Some of the president’s allies were quick to defend him. They pointed to the timing of the interview with the special counsel — days after Hamas’ attack on Israel, which had captured much of the president’s focus. Others said that in their own dealings with Biden, he shows no sign of infirmity.
“He did so well in this discussion with members,” Rep. Susan Wild, D-Pa., told NBC News after seeing the president on Thursday. “He’s very sharp, no memory issues, and his only stumbling is when he trips over words consistent with his lifelong speech impediment.”
Though Biden was fortunate to escape indictment, the special counsel report may give Trump additional fodder as he fights charges for allegedly mishandling classified records at his Mar-a-Lago social club. Republicans are already accusing Biden of benefiting from a double standard. Trump will likely brandish the Hur report as proof that Biden has “weaponized” the Justice Department for political advantage.
What’s more, Democrats will now be hard-pressed to capitalize on Trump’s indictment over retaining classified records. Before Hur’s report came out, Democrats argued that the two cases were very different. Whereas Trump failed to turn over classified records even after he was asked to do so, Biden willingly cooperated with authorities and relinquished all the material he had, Biden allies had argued.
“The public understands the essential difference between presidents or vice presidents like Joe Biden who occasionally behaved in sloppy ways with respect to where they were taking documents, and a president like Trump, who deliberately makes off with hundreds of classified government documents and then hides them and refuses to return them,” Rep. Jamie Raskin, D-Md., said on Wednesday, before the report was released. (Trump has denied any wrongdoing.)
Now, the distinctions may be harder for Biden allies to draw, given that Hur wrote that there was evidence Biden “willfully retained and disclosed classified material after his vice presidency when he was a private citizen.”
The report mentions an instance in February 2017, when he was no longer vice president, when Biden read notes containing classified information “nearly verbatim” to a ghostwriter helping him with his book, “Promise Me, Dad.”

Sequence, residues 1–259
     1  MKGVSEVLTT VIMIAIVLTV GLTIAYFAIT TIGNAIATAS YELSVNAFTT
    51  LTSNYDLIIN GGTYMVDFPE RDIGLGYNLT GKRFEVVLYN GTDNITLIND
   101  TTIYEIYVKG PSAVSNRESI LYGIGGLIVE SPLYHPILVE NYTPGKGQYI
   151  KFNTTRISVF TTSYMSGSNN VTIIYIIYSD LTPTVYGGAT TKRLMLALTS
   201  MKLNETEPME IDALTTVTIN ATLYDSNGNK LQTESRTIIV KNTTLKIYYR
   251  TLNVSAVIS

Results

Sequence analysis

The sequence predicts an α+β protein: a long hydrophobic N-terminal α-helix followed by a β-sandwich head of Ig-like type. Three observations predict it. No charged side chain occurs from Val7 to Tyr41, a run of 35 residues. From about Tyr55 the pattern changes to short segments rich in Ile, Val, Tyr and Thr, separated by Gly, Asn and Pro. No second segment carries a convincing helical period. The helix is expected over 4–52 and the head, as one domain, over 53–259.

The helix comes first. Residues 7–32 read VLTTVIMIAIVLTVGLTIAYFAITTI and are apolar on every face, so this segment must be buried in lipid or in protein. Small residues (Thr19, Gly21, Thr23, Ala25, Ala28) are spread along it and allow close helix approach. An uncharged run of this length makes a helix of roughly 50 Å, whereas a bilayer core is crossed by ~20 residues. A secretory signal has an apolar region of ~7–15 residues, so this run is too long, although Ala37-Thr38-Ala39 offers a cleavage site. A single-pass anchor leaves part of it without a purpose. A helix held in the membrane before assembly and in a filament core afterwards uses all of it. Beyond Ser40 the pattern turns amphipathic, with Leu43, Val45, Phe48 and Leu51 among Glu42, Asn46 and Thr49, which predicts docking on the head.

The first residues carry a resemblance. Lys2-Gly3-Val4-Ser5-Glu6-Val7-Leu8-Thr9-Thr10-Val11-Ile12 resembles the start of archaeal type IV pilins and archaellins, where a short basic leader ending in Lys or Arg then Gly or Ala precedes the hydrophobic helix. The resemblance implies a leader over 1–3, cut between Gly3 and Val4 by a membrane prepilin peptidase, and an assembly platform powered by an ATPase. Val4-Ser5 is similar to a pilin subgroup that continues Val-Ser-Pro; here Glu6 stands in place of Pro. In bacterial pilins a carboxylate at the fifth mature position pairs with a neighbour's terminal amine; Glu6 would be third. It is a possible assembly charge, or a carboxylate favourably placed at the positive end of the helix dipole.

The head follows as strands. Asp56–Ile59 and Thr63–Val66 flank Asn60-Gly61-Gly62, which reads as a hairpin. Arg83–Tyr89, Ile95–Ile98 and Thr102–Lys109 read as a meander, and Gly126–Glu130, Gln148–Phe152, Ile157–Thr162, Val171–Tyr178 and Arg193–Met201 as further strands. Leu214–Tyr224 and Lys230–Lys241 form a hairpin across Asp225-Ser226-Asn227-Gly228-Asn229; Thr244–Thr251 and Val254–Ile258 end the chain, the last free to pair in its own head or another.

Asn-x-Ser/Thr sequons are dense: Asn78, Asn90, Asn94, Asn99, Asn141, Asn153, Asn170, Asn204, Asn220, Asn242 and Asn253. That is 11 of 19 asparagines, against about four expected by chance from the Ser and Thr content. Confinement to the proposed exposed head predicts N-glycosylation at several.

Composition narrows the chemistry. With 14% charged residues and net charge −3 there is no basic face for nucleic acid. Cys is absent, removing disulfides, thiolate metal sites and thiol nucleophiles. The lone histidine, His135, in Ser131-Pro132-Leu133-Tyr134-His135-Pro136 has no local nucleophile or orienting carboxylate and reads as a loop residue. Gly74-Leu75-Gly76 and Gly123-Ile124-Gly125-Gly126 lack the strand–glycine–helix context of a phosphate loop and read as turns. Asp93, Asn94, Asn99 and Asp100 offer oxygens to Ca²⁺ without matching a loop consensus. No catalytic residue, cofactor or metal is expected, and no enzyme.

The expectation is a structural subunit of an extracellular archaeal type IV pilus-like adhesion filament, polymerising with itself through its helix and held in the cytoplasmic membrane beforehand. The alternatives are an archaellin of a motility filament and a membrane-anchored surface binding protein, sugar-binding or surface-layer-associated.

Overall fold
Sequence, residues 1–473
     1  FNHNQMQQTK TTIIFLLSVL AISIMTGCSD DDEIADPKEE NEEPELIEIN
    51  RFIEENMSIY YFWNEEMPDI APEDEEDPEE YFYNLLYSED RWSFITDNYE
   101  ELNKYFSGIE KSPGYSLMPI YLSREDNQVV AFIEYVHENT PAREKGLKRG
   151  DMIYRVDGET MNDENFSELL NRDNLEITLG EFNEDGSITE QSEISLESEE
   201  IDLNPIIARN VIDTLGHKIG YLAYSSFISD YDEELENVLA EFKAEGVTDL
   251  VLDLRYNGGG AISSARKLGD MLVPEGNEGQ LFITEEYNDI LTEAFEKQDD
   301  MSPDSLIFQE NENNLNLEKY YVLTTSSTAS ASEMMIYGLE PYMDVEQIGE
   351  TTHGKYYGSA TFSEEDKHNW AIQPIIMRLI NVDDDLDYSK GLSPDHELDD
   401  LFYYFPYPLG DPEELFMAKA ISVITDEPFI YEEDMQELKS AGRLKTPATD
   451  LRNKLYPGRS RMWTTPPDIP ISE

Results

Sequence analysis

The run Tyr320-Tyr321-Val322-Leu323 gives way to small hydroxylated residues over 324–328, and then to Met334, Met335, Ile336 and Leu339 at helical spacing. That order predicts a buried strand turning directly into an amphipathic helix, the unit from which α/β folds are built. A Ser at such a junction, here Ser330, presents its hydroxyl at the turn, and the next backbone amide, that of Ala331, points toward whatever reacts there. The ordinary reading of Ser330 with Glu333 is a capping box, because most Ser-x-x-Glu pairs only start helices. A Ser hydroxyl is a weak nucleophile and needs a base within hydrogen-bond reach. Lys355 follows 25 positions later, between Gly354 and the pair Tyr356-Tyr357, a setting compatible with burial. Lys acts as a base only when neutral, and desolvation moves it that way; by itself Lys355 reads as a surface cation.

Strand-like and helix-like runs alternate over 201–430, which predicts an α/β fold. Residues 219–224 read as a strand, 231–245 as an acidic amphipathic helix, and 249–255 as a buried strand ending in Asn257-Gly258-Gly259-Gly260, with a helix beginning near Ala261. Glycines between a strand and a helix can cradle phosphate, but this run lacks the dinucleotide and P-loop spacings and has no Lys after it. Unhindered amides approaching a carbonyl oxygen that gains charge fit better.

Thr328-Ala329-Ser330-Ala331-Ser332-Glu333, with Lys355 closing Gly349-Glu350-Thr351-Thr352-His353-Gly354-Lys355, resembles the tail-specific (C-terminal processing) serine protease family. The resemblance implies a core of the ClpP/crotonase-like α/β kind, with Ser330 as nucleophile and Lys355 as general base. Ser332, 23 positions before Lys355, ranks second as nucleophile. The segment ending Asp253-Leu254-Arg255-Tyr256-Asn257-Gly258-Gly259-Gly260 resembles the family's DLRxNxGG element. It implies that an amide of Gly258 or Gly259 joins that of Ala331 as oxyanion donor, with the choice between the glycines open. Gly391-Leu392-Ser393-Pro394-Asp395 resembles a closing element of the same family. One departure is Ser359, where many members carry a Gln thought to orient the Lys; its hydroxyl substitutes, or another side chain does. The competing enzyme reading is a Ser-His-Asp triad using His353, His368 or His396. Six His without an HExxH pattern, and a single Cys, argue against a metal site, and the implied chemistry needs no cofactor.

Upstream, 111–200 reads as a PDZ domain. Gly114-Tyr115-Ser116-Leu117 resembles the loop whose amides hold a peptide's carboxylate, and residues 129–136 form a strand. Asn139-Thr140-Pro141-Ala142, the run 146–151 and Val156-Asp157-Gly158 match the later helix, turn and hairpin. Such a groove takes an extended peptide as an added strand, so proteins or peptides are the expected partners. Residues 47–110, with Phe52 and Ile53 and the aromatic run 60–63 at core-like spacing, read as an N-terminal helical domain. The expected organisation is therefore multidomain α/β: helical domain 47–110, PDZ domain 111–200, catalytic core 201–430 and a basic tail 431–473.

Storage of sensitive government secrets was haphazard. The report describes certain classified records involving the war in Afghanistan in Biden’s Delaware garage inside a “badly damaged box surrounded by household detritus.”
Before the report was released, Biden aides had been bracing for a finding that he had simply been careless in his treatment of classified records, a person familiar with the White House’s thinking said.
The political fallout from the report, though, is likely to be “worse,” this person said. What will stick in people’s minds is what Hur said about Biden’s memory, the person added.
Biden’s lawyers disputed the report’s description of Biden’s forgetfulness.
“We do not believe that the report’s treatment of President Biden’s memory is accurate or appropriate,” two of his lawyers wrote in a letter to Hur. “The report uses highly prejudicial language to describe a commonplace occurrence among witnesses: a lack of recall of years-old events.”
In the hours after the report was released, people close to the Biden campaign rolled out a different rebuttal. Jim Messina, who ran Obama’s 2012 re-election campaign, wrote on X, the site formerly known as Twitter, that Hur is a Republican who “knew exactly how his swipes could hurt Biden politically.”
That’s a familiar argument. Trump has also claimed that law enforcement is trying to sway the election, meaning both sides are now claiming victimization at the hands of partisan prosecutors.
“Hur knew exactly what he was doing here,” Stephanie Cutter, a veteran Democratic operative, wrote on X. “To provide political cover for himself for not prosecuting, he gratuitously leveled a personal (not legal) charge against the president that he absolutely knows is a gift to Trump. And, guess what we are all talking about?”